Human activities are putting sea turtles in danger. Work with Earthwatch scientists to assess sea turtle health and collect crucial data to support better management strategies to conserve these wondrous creatures.
The Great Barrier Reef is the largest reef in the world, spanning over 1,800 miles. This stunning seascape is an international icon, not only for its unique corals, but also for the huge diversity of plants and animals that rely on the reef, including whales, dolphins, and sea turtles. But the reef is being increasingly threatened by industrial runoff, overfishing, and a warming climate. This decline is affecting many of the animals that depend on the reef as well, leaving once bustling ecosystems barren and lifeless.
This project aims to follow one animal that lives within the Great Barrier Reef, the endangered green sea turtle, and determine how well these turtle populations are faring in areas heavily impacted by humans. On this project, Earthwatch scientists are testing novel methods to assess the health of turtles in the wild. These data will help researchers to determine how healthy and ready to reproduce the turtle populations are, giving them insights into how human impacts are affecting the health of the turtle populations as a whole. Once researchers have determined where there are “areas of risk” for sea turtles, they’ll be able to better influence management decisions and actions to more precisely protect turtle populations.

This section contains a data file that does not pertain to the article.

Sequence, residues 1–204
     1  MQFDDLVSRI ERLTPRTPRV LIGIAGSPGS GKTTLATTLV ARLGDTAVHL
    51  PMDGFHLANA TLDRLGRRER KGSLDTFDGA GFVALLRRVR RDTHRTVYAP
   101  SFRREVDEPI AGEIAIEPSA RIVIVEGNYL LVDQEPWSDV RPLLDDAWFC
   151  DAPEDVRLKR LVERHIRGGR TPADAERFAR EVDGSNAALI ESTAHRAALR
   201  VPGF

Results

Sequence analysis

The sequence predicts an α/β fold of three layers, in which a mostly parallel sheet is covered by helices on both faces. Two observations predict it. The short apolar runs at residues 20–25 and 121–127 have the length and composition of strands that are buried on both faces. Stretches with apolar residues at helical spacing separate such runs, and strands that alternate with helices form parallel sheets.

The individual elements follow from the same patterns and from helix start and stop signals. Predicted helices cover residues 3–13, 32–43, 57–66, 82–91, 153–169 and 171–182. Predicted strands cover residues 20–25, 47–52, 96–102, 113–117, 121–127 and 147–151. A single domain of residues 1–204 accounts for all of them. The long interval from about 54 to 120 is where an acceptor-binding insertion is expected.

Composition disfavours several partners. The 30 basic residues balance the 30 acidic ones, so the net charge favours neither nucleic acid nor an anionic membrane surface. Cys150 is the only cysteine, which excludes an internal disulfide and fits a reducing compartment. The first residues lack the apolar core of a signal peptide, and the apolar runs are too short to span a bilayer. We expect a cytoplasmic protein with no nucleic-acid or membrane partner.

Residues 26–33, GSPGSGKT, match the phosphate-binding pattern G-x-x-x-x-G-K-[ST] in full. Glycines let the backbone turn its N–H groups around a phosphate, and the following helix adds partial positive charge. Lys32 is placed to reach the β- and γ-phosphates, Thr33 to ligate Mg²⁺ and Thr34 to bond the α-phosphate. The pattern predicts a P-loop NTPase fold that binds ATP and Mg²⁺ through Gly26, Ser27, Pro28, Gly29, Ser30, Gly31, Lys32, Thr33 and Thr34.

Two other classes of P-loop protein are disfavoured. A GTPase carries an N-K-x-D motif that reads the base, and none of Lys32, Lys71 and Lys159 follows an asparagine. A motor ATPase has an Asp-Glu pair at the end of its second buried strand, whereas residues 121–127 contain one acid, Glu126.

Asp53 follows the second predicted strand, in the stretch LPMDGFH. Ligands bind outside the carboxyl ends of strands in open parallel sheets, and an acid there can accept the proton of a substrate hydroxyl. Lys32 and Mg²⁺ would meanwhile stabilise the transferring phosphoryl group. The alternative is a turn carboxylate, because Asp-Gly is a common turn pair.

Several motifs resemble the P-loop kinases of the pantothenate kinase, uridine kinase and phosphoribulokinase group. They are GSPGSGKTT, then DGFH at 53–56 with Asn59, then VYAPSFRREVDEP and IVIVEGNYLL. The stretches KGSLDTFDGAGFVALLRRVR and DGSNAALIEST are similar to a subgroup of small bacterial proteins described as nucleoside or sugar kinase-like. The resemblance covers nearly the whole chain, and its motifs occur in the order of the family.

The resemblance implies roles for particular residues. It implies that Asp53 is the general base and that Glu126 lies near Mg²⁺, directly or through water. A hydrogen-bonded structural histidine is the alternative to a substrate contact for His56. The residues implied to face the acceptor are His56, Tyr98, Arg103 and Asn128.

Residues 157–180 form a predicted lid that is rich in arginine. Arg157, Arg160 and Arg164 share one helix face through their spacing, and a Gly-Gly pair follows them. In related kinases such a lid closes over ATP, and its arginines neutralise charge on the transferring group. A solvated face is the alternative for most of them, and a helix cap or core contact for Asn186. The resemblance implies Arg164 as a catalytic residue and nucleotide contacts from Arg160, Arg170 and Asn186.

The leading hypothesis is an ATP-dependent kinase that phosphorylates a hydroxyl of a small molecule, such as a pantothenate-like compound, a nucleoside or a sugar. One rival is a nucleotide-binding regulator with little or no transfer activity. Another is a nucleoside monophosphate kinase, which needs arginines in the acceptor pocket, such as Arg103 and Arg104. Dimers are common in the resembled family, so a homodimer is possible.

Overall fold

Join us in walking along Australia’s beaches and swimming along the Great Barrier Reef to aid researchers in assessing the health of green sea turtle populations. You will not only learn about green sea turtle biology, conservation, and health issues, but you will also experience first-hand what you can do to protect this endangered species.